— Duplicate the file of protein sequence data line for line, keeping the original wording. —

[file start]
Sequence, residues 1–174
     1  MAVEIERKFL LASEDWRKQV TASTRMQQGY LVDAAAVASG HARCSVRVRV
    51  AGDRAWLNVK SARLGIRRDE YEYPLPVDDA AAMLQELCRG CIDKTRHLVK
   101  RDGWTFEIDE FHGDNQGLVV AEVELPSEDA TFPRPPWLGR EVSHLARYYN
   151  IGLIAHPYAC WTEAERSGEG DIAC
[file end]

Sequence, residues 1–174
     1  MAVEIERKFL LASEDWRKQV TASTRMQQGY LVDAAAVASG HARCSVRVRV
    51  AGDRAWLNVK SARLGIRRDE YEYPLPVDDA AAMLQELCRG CIDKTRHLVK
   101  RDGWTFEIDE FHGDNQGLVV AEVELPSEDA TFPRPPWLGR EVSHLARYYN
   151  IGLIAHPYAC WTEAERSGEG DIAC